[Met Performance] CID:54574
Metropolitan Opera Premiere
Les Contes d'Hoffmann {1} Matinee ed. Metropolitan Opera House: 01/11/1913.

(Debut: Attilio Comelli
Review)


Metropolitan Opera House
January 11, 1913 Matinee
Metropolitan Opera Premiere


LES CONTES D'HOFFMANN {1}
Jacques Offenbach-Jules Barbier

Hoffmann................Umberto Macnez
Olympia.................Frieda Hempel
Giulietta...............Olive Fremstad
Antonia.................Lucrezia Bori
Lindorf.................Basil Ruysdael
Coppélius...............Adamo Didur
Dappertutto.............Dinh Gilly
Dr. Miracle.............Léon Rothier
Nicklausse..............Jeanne Maubourg
Cochenille..............Albert Reiss
Pitichinaccio...........Angelo Badà
Frantz..................Albert Reiss
Luther..................Bernard Bégué
Nathanael...............Pietro Audisio
Hermann.................Paolo Ananian
Spalanzani..............Andrés De Segurola
Schlemil................Andrés De Segurola
Crespel.................Giulio Rossi
Mother's Voice..........Maria Duchène

Conductor...............Giorgio Polacco

Director................Jules Speck
Set designer............Burghart & Co.
Costume designer........Attilio Comelli [Debut]

Les Contes d'Hoffmann received nine performances this season.

[Alternate title: The Tales of Hoffmann.]

Review (unsigned) in The New York Times

'TALES OF HOFFMANN' HEARD HERE AGAIN

Offenbach Fantastic Opera Produced for the first time at the Metropolitan.

FRIEDA HEMPEL THE DOLL

Mme. Fremstad and Miss Bori, Messers Macnez, Didur, Gilly, and Rothier in Important Parts.

The laudable attempt of the management of the Metropolitan Opera House to vary and enlarge its repertory with operas that may be hoped to take a more or less lasting hold upon the public's approval resulted in the production there yesterday afternoon of Jacques Offenbach's fantastic opera, "Les Contes d'Hoffmann." It was not new to the operatic public, for probably many were familiar with it from the numerous performances of it that Mr. Hammerstein gave at his Manhattan Opera House after its first season. It pleased there, and there was reason to believe, after the good performance heard at the Metropolitan, that it will have its measure of success there, too.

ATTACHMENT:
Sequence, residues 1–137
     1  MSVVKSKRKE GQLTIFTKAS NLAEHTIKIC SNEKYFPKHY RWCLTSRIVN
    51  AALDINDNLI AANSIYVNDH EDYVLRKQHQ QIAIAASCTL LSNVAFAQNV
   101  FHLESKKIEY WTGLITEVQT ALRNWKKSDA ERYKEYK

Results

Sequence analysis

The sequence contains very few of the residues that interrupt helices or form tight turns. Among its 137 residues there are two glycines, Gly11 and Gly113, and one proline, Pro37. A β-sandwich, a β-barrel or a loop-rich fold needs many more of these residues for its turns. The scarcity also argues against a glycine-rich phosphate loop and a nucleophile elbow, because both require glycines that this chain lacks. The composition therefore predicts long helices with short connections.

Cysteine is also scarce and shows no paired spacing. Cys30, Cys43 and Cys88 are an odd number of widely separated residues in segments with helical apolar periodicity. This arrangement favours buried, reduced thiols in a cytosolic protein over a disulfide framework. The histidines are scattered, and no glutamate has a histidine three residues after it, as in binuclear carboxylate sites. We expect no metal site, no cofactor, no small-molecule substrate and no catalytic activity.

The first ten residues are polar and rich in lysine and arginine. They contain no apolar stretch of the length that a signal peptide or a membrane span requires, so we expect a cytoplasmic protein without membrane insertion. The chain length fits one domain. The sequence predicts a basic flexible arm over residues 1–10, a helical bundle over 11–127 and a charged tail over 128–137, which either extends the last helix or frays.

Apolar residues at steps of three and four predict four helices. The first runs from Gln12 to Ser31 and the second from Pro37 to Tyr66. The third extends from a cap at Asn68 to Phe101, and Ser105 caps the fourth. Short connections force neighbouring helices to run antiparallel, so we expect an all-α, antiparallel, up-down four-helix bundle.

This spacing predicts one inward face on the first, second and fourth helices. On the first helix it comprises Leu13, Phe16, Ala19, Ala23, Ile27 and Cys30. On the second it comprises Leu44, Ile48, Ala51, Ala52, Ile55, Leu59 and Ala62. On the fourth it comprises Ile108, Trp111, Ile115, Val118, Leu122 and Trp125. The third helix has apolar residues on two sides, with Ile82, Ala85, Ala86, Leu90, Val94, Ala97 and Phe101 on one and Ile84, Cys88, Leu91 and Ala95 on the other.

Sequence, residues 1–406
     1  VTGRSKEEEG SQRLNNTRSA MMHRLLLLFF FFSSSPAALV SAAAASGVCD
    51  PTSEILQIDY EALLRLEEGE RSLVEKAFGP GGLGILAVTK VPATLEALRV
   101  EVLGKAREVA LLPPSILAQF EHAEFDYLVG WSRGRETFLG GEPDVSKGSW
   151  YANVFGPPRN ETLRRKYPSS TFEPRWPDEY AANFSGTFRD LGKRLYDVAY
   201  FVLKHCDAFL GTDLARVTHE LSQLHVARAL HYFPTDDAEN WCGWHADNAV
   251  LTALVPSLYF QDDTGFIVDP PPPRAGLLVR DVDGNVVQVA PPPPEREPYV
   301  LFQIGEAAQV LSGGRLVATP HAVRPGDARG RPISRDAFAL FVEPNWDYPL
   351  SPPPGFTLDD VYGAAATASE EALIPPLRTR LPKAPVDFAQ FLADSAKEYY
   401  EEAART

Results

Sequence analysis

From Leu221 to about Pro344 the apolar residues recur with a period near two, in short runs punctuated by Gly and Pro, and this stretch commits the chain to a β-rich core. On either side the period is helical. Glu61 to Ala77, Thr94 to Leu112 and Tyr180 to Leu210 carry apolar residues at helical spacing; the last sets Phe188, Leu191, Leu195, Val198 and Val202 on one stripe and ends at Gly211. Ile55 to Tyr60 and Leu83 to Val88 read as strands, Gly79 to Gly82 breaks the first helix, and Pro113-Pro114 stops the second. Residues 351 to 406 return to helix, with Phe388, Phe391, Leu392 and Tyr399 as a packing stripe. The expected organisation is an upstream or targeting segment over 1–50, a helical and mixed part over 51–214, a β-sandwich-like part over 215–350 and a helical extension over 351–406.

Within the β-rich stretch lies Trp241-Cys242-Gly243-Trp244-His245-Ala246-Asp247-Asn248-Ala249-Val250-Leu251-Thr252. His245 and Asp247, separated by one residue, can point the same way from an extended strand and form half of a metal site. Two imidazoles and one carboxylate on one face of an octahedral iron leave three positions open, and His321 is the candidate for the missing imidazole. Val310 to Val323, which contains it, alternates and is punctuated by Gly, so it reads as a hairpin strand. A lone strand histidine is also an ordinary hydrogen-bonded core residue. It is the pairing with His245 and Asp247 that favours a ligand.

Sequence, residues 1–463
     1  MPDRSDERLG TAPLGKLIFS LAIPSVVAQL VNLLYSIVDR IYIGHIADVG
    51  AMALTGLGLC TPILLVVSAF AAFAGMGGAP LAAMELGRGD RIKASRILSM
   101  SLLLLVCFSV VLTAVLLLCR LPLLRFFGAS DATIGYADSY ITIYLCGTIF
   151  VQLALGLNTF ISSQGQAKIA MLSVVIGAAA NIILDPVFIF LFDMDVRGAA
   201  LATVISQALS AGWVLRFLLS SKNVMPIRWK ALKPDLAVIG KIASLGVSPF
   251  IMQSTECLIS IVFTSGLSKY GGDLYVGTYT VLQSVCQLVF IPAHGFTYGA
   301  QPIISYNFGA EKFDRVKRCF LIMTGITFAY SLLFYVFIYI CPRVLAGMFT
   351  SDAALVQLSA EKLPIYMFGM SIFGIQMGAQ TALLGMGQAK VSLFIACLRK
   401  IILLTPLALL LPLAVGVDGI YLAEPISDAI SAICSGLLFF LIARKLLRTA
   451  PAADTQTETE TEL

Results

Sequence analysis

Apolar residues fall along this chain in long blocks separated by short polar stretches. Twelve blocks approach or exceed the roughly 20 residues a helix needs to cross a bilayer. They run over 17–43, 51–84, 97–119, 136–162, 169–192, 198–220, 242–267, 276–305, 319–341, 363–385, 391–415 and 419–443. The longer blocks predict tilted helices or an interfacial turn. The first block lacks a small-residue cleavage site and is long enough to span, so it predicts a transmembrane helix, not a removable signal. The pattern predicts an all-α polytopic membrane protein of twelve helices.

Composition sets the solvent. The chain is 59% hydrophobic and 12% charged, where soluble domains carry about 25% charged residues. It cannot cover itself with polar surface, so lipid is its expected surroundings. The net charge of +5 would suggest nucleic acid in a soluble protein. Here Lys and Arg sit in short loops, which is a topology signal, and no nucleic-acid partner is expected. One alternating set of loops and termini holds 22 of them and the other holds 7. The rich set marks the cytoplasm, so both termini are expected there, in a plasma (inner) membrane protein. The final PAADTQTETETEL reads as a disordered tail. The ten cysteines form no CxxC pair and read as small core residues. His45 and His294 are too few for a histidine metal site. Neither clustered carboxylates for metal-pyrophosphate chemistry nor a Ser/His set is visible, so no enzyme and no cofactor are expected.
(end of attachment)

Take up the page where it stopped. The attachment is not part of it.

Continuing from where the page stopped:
Offenbach is said to have argued once with Col. Mapleson that his works were not half so comic as people believed; that they had their serious side. He was then trying to get "La Belle Helene" into London as a "grand opera." He did not convince Col. Mapleson then, nor the rest of the world since; but in "Les Contes d'Hoffmann" he left a proof of has capacity for more serious things. Jules Barbier's strange and ingenious libretto, a succession of three of Hoffmann's tales, strung upon the adventures of one hero, stimulated Offenbach's imagination to music that frequently has character and imagination, melody, and a beauty that is something more than the tunefulness of his burlesques. There is a suggestion of the fantastic imaginings of Hoffmann reflected in it.

The opera as it stands has only the slenderest thread of connection between the three acts; the same hero and the same friend. Hoffmann and Nicklausse, experience their various adventures, but there is no other bond. When M. Maurice Renaud enacted in each of the three acts the three characters that work the catastrophe in them, there was a sort of symbolical unity in this representation of the spirit of evil, however unlike each was to the other. This is dispensed with in the performance at the Metropolitan for Messrs. Didur, Gilly, and Rothfer in turn took the parts of the three malignants, Coppelius, Dappertutto, and Dr. Miracle. Mr. Didur gave a characteristic study of the eccentric Jewish mechanic, and Mr. Rothier was not unsuccessfui in representing the hateful and unfunny figure of the magic-mongering doctor.

Miss Frieda Hempel added to her laurels with a humorous and doll-like impersonation of the automaton, Olympia. She sang the music-box music with great skill and brilliancy, and an appropriate lack of expression. Mme. Fremstad had very little to do in the second act, and Miss Bori as Antonia, in the third, sang with much power for a consumptive, sometimes a little stridently, but gave a satisfactory version of a part not easy.

Mr. Macnez as Hoffmann had an opportunity to show that he can do better than he did as Almaviva in the recent revival of "The Barber of Seville." He is by no means a great artist yet, but his graceful tenor voice is not quite so light as he made it seem then. He sang with somewhat more fullness of tone and freedom. And he should have full credit for all there was good in his performance, for it was said to be his first appearance in this opera, and his first attempt at singing in French, Mme. Maubourg's Nicklausse was skillful in action, but in voice it left a good deal to be desired.

Polacco carried through the performance with spirit and finish. He is assuredly one of the best second conductors the Metropolitan has had in a long time. Whether the performance had, on the whole, quite all the fantastic and imaginative spirit that belongs to Offenbach's work might be questioned. But it had many excellent qualities that comended it to the public. The public was a very large one.



Costume designs for Les Contes d'Hoffmann by Attilio Comelli.
Production photos of Les Contes d'Hoffmann by White Studio (Note: Olive Fremstad was not photographed as Giulietta by White Studio. Maria Duchène, who sang the role in later performances, is the Giulietta in the photographs.



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